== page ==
Notice third the manner of the proclamation: “in his name.” Jesus speaks of himself here in the third person as the Messiah, as the Christ. This has at least two explicit applications.
First, Great Commission preaching is to be done explicitly in the name of the Lord Jesus Christ. There is a place for mercy ministry and compassion ministry to be undertaken by Christians. Building schools and hospitals, teaching the minds and feeding the bodies of men, may have some place in Christian service as we do good to all men (cf. Gal 6:10). But these things are not to be done as a replacement for or as a substitute for explicit preaching in the name of the crucified Christ. The Asian missionary K. P. Yohannan has noted that men can go to hell with better educated minds and healthier bodies. Indeed, as Jesus taught, What does it profit a man if he gains the whole world and yet loses his soul (Matt 16:26)?
Second, Great Commission preaching is to be done under the authority of Jesus. Preaching in the name of Jesus means preaching under the authority of Jesus. This means that Great Commission preaching is to be preaching that is consistent with the doctrine which Jesus taught and the methods which Jesus practiced. Jesus did not preach, for example, a health and wealth gospel. Someone may go out and preach that gospel and might even gather a large crowd of hearers. But if his doctrine is inconsistent with the doctrine of Jesus, he is not preaching in the name of Jesus or under the authority of Jesus. He is, instead, preaching in his own name and under his own authority.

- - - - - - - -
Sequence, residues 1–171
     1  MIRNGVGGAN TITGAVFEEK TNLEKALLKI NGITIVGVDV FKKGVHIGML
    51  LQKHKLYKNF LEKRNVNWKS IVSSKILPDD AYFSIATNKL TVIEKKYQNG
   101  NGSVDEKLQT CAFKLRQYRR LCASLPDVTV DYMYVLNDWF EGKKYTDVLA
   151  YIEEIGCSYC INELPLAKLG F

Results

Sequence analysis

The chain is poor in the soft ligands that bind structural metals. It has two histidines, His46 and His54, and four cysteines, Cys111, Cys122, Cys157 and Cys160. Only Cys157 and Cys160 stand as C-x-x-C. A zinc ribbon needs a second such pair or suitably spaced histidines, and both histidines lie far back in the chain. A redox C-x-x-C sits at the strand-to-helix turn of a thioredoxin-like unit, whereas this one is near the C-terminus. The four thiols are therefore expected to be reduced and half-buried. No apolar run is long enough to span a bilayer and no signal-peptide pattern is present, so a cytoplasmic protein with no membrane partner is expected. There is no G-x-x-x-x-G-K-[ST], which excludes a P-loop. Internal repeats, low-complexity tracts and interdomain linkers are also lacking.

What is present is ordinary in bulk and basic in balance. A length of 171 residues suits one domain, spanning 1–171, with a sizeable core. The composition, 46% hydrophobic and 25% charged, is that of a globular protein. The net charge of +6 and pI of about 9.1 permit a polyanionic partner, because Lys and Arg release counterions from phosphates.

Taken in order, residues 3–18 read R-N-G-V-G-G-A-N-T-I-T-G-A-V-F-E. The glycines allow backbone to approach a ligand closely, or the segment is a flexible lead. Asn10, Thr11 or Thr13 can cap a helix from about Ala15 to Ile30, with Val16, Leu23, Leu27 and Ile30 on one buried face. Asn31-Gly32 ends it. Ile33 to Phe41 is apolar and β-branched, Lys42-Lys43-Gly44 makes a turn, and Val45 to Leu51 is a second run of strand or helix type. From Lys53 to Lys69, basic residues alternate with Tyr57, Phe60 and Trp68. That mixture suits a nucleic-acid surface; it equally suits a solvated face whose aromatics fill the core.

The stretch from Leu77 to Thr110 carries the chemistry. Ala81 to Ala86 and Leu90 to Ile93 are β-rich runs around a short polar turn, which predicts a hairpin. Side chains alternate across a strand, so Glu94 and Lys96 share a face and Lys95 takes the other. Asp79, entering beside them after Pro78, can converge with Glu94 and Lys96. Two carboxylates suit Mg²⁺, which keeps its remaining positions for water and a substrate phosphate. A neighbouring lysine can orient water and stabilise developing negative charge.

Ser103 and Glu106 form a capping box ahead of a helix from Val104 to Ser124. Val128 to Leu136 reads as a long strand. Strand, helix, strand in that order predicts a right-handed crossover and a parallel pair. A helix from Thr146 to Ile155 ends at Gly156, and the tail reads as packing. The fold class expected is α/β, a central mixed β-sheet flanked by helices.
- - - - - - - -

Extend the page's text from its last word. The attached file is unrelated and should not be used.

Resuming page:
Notice fourth the audience for Great Commission preaching: “among all nations [the Greek word is ethnos, the root for our English word “ethnic”].” Here is where the Lukan Great Commission sounds like that recorded by Matthew in Matthew 28:19-20: “Go and teach all nations….” This furthers the announcement made by the angel to the shepherds at Christ’s birth: “Fear not: for, behold, I bring you good tidings of great joy, which shall be to all people” (Luke 2:10). The nation watched this week those scenes of destruction in Ferguson, Missouri as vivid examples of sin which overflows from ethnic division and rivalry. There is only one solution for ethnic division and that it the gospel of the Lord Jesus Christ. The Christian message is not universalism (all men will be saved regardless of their response to Christ) but it is universal (it is directed to all men).
Notice, finally, the last thing Jesus says here in v. 47 is that it is to take place “beginning at Jerusalem.” This is made even clearer in the instructions which Jesus gives in Luke 24:49. When we turn over to Acts chapters 1-2 we see the working out of the plan Jesus unveils as the Spirit is poured out on the first disciples at Pentecost. Leon Morris notes the significance of this command: “The disciples are not to attempt the task of evangelism with their own meager resources, but are to await the coming of the Spirit” (Luke, p. 343). We might conclude then that this last phrase addresses the resources upon which the disciples were to rely in pursuing the Great Commission.
Think back on v. 47: The disciples were to use the right means (preaching), in proclaiming the right content (repentance and remission of sins), in the right manner (in his name), to the right audience (all nations), with the right resources (God’s power given through the Holy Spirit and not our own power).
Grace and peace, Pastor Jeff Riddle
Note: We recently spent several Sunday School lessons at CRBC discussing various issues related to the interpretation of 1 Corinthians 11:1-16 (none of which were audio recorded). Below is an outline of the material I presented in the final session on November 23, 2014: